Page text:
Lakes for Vacation and Recreation

Except as noted, Copyright © LakeLubbers LLC. All Rights Reserved.

Water Level Control | LakeLubbers

This is the organization that controls water releases or outflows from the lake or reservoir. In the USA, this is often the US Army Corps of Engineers, a power company, a municipal water system, an irrigation district, or a paper manufacturing company. In the case of private or gated lakes, a homeowners' association may be the lake's controlling authority.

Many lakes cross borders, including North America's Great Lakes. The control of such lakes and their coveted freshwater may be amicably shared - or hotly disputed.

"Water wars" continue at many lakes as growing populations and crop irrigation needs compete for the freshwater that lakes contain.


Lakes for Vacation and Recreation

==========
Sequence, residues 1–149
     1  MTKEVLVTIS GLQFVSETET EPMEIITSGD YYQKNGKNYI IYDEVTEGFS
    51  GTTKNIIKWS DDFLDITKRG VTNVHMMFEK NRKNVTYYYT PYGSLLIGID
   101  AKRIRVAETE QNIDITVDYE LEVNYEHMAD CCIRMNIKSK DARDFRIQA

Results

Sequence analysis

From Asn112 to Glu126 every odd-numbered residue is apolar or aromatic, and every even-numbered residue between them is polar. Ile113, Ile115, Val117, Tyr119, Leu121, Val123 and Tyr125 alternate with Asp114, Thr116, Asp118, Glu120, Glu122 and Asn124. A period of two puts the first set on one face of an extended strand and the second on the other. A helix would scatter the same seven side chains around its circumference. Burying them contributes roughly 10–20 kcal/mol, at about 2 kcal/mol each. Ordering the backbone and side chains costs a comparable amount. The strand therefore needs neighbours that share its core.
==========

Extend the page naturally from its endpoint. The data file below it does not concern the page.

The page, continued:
Except as noted, Copyright © LakeLubbers LLC. All Rights Reserved.

Lake Type | LakeLubbers

There are 3 basic types of lakes that are currently included on LakeLubbers. 2 types may be dammed or not dammed, producing 5 classifications.

- A Reservoir is a man-made freshwater lake that is usually created by damming rivers.

- A Natural Freshwater Lake occurs naturally - often by glacial activity - and has a salinity of less than 30 parts per thousand. It may be dammed to produce electricity or for other reasons.

- A Natural Saltwater Lake occurs naturally and has a salinity of more than 30 parts per thousand (ppt). It may be dammed.

"Brackish" water may be categorized as freshwater or saltwater, depending on its salt content (salinity). Oligohaline water has less than 15 ppt of salt. Mesohaline water has 15-29 ppt. Polyhaline has 30-335 ppt.


Lakes for Vacation and Recreation

Except as noted, Copyright © LakeLubbers LLC. All Rights Reserved.